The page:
The share of cash buyers in Britain’s housing market has slipped during the pandemic, even as tighter lending restrictions and a fast-moving market have favoured mortgage-free purchasers.
Some 24 per cent of homes in Great Britain were bought for cash in the three months to September, declining slightly from 26 per cent over the same period last year, according to research by estate agent Hamptons International.
The pandemic has put the UK into recession but the housing market is undergoing a boom in activity, with prices rising since lockdown restrictions were relaxed in May and buyers hurrying to capture a temporary stamp duty holiday due to end in March 2021.
Aneisha Beveridge, Hamptons research director, said the cash figures were surprising in view of the growing role of equity-rich homeowners in the market. The share of people who own their own home outright has been rising steadily over the past decade. Among homeowners in England, 46 per cent owned without a mortgage in 2009, according to the English Housing Survey. In 2019 the figure had risen to 54 per cent.
“Theoretically there are more cash owners out there but that’s not translating into cash buyers in the market at the moment,” Ms Beveridge said.
Hamptons said two factors were likely to explain their softening share. First, downsizers often buy without a mortgage, since they will buy a modest retirement property from the sale of a large family home. Ms Beveridge said the prospect of a stamp duty holiday might have been expected to appeal to buyers in this category, since previous research had shown the tax charge made them more reluctant to move.
However, they were also more likely to be in older age groups more vulnerable to Covid-19, she added. “They might be shielding or deciding to stay put and be cautious about what they do on a daily basis. The research suggests they aren’t the people making big moves at the moment.”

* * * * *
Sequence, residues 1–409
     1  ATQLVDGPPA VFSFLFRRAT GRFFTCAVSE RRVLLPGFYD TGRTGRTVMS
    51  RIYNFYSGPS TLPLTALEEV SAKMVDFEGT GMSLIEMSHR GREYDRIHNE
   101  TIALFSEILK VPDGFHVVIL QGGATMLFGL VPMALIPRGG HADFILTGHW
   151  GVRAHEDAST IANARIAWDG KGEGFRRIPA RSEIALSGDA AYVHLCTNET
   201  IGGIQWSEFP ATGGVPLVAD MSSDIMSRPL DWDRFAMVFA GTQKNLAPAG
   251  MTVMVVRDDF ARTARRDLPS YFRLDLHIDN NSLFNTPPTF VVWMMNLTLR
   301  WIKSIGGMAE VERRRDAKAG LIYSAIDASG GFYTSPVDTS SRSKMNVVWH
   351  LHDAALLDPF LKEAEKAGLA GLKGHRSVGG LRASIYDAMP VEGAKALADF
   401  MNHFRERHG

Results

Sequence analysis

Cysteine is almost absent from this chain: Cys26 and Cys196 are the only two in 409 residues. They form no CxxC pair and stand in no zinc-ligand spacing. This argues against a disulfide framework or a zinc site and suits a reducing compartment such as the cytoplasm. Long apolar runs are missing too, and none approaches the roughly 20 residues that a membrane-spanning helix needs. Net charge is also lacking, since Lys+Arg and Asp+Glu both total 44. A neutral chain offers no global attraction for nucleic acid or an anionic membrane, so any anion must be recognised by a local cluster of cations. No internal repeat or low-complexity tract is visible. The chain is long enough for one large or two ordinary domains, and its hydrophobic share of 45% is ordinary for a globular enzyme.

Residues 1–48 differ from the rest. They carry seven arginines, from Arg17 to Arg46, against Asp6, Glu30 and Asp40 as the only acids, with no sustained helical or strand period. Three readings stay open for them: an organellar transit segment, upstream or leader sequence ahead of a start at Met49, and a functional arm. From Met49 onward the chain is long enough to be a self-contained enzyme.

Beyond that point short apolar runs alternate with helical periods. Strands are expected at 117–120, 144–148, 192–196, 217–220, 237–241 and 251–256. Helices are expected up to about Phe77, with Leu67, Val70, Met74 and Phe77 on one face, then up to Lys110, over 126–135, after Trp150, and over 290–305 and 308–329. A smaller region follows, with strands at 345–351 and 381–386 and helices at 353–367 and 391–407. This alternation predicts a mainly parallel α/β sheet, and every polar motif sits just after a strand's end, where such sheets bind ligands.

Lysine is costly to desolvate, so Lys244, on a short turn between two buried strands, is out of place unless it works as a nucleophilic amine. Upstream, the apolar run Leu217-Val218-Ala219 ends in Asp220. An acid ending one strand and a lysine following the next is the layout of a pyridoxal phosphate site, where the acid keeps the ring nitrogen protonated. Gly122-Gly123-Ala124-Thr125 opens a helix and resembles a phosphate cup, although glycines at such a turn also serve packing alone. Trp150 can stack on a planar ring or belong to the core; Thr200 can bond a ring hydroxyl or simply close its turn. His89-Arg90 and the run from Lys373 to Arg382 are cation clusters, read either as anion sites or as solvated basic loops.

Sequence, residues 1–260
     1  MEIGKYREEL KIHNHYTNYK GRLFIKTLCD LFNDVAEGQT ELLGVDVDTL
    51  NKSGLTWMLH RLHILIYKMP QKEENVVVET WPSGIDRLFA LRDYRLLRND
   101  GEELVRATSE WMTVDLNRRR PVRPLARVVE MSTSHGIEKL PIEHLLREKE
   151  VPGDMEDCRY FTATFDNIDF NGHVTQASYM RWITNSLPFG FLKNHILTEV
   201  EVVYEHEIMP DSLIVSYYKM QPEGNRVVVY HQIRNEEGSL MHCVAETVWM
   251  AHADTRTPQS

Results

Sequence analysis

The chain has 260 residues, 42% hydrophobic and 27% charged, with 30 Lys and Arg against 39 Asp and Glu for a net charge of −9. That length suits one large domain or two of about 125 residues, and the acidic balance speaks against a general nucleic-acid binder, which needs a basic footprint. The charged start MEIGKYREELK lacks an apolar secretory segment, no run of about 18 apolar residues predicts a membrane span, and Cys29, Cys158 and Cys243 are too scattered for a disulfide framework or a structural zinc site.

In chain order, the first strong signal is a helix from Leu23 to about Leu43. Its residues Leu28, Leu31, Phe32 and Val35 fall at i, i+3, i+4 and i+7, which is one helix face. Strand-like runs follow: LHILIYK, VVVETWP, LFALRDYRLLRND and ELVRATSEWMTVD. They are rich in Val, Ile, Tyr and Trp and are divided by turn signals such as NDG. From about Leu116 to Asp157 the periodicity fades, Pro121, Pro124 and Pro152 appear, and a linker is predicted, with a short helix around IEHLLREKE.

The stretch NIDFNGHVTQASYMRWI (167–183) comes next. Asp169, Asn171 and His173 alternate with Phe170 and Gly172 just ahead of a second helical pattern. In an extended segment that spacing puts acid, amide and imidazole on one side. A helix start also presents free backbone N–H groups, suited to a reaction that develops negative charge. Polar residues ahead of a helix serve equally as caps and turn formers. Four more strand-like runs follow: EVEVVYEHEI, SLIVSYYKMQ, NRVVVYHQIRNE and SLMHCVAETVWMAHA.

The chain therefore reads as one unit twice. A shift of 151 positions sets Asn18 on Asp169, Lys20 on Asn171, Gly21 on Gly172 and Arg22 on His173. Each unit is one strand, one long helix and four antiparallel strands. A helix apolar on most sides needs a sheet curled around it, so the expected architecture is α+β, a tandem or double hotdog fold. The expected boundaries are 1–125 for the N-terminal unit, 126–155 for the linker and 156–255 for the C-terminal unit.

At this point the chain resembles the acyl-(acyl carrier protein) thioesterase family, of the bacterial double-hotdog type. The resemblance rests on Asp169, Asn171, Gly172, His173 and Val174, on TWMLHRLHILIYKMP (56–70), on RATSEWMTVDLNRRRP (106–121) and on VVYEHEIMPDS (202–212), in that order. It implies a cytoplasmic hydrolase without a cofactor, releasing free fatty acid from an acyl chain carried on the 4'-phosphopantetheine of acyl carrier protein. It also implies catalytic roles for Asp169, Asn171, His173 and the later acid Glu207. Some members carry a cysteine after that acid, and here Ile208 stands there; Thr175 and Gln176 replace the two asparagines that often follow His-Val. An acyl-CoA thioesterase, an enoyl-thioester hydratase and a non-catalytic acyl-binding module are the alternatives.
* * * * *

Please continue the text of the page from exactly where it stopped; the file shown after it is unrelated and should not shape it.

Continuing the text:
A second group strongly represented among the current wave of buyers is home movers — those who may be buying a property for the second, third or fourth time but who have built up equity in their property in recent years. Their appetite to move has been sharpened by the experience of homeworking during lockdown and the stamp duty holiday.
However. where homes might normally have been bought for cash, the need to “future-proof” their purchase with a larger or more comfortable home, combined with historically low interest rates on mortgages, have tempted some to use a home loan to fund a more ambitious purchase, Hamptons said.
“Some of them would have been cash buyers in the past, but today they are choosing to take out a small mortgage because interest rates are so low,” said Ms Beveridge.
Mortgage lenders have been raising the drawbridge to borrowers seeking higher-risk home loans or to those with uncertain income prospects. But for borrowers with high levels of equity, banks and building societies are open for mortgage business. “It’s those sorts of buyers who are driving the market at the moment,” she said. Mortgage approvals hit a 13-year high in September, according to data published on Thursday by the Bank of England.
The Hamptons research, based on data from the Countrywide estate agent group, also looked at the regional split of cash and mortgaged buyers. In London, where average house prices are more than double the UK average, just 17 per cent of homes were bought by a cash buyer in the third quarter — the lowest share on record.
Last year, homes selling for £1m or more were the most likely to have been bought by a cash buyer, with 33 per cent going to mortgage-free buyers. In the third quarter of this year, they were the least likely, with the share falling to 20 per cent, the lowest proportion in any third quarter recorded by Hamptons.